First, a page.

E) Require, in the pre-JRO procedure, that the compulsory physical presence of monitors in the JRO is dealt with in the relevant documents (namely, in the offer of a return flight, the Conditions attached to the acknowledgement of the offer and in the Implementation Plan). Frontex could also make the plan for upcoming JROs public, at least one week in advance, and make it clear on its website that it pays for monitors' presence in the JRO; Frontex could, finally, prepare and publish country sheets on the allowed use of means of restraint in each Member State and provide training for monitors in this respect.


F) Require in the JRO Implementation Plan (or Conditions) that monitors' reports are forwarded to Frontex; publish on its website: Frontex's JRO Evaluation Reports, including monitors' observations and Frontex recommendations; the section of the JRO Implementation Plan, which refers to the agreed use of means of restraint; Frontex Best Practices for JROs; monitors' reports.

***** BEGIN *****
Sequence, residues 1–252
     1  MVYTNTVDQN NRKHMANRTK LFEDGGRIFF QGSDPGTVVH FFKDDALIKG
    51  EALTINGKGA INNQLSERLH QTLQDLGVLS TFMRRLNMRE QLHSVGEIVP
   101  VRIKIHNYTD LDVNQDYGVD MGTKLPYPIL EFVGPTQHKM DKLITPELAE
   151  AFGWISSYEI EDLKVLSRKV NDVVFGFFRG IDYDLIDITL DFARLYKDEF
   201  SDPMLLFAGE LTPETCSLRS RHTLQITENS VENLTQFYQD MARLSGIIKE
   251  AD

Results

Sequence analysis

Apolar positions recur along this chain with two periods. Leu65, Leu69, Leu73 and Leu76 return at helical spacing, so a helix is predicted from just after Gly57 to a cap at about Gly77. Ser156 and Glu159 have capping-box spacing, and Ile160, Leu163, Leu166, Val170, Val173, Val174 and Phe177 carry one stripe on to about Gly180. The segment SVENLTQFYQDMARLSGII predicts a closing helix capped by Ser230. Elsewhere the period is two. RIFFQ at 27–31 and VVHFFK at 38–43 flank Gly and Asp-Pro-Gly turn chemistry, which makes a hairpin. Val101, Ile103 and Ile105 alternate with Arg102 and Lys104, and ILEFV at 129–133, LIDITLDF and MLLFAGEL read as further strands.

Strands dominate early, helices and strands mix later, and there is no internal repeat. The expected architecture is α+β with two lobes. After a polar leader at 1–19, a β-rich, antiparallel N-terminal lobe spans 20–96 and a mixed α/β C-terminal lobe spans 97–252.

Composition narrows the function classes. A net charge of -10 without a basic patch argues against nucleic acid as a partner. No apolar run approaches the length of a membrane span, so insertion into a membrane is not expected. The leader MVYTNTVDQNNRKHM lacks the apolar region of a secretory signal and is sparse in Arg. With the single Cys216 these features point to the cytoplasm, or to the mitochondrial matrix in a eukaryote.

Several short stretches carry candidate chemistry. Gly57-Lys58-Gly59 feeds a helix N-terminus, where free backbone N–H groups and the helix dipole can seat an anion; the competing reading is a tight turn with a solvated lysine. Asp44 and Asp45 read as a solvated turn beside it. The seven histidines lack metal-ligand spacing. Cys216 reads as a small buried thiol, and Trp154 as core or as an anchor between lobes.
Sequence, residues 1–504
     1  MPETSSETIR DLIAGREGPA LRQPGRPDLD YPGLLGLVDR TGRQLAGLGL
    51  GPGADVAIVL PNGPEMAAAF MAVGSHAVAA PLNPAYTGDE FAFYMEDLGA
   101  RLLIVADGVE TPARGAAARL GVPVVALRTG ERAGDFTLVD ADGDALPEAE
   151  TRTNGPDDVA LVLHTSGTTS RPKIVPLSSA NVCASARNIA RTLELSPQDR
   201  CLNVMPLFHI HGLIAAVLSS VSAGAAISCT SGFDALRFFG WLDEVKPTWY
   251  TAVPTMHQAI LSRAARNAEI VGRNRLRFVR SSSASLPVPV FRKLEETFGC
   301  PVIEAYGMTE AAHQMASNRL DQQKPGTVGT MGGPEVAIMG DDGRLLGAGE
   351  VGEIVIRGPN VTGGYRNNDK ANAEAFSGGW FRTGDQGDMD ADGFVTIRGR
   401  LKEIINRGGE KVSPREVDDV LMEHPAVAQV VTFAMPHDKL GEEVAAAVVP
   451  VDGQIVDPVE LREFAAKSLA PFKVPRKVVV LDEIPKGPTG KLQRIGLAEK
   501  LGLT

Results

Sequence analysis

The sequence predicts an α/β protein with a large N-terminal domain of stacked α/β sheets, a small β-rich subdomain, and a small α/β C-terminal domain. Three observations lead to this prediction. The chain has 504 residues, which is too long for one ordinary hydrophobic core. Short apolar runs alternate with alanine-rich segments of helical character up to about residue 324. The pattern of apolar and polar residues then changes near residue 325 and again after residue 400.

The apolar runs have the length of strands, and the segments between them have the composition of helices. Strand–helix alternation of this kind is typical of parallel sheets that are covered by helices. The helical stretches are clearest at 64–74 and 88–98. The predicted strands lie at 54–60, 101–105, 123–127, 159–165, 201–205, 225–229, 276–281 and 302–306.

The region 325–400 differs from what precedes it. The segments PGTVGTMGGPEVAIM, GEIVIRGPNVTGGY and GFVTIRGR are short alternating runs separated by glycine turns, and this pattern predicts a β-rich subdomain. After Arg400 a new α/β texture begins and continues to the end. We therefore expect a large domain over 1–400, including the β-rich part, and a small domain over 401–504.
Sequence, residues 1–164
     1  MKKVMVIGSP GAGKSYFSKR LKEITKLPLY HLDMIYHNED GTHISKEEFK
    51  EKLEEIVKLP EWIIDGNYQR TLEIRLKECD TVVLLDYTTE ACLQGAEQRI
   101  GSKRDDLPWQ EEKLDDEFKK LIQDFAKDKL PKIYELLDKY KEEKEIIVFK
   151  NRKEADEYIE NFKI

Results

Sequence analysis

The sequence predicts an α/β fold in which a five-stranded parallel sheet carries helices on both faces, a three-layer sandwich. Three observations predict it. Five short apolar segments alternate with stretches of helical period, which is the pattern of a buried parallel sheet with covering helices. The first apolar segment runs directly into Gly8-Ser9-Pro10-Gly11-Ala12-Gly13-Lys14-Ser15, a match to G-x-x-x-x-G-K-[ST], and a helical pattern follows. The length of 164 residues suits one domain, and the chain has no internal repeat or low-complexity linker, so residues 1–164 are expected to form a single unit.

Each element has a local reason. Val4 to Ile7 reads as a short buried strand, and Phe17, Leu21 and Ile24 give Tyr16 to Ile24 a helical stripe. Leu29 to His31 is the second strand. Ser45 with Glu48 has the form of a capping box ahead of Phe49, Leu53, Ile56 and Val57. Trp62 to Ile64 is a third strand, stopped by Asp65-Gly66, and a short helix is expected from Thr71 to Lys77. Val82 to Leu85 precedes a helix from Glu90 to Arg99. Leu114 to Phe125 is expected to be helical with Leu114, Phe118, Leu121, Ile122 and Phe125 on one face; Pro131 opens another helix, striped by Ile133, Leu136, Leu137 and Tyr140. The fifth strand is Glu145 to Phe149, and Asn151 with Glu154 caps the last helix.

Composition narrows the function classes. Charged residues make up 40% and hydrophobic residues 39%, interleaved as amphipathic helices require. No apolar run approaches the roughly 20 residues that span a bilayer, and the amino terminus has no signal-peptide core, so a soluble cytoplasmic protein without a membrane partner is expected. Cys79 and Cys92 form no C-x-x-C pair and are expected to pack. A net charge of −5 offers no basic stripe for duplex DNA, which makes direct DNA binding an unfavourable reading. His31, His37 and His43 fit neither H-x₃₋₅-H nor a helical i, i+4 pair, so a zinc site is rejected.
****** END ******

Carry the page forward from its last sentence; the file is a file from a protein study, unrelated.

G) Ensure that fundamental rights are respected in so-called Collecting JROs; in particular, explain publicly (i) the legal framework for Collecting JROs, including the working arrangements with third countries concluded in accordance with Article 14(2) of the Frontex Regulation, and (ii) how Frontex complies with its own human rights obligations in fulfilling its role as coordinator of Collecting JROs.


H) Revise the Code of Conduct, as follows: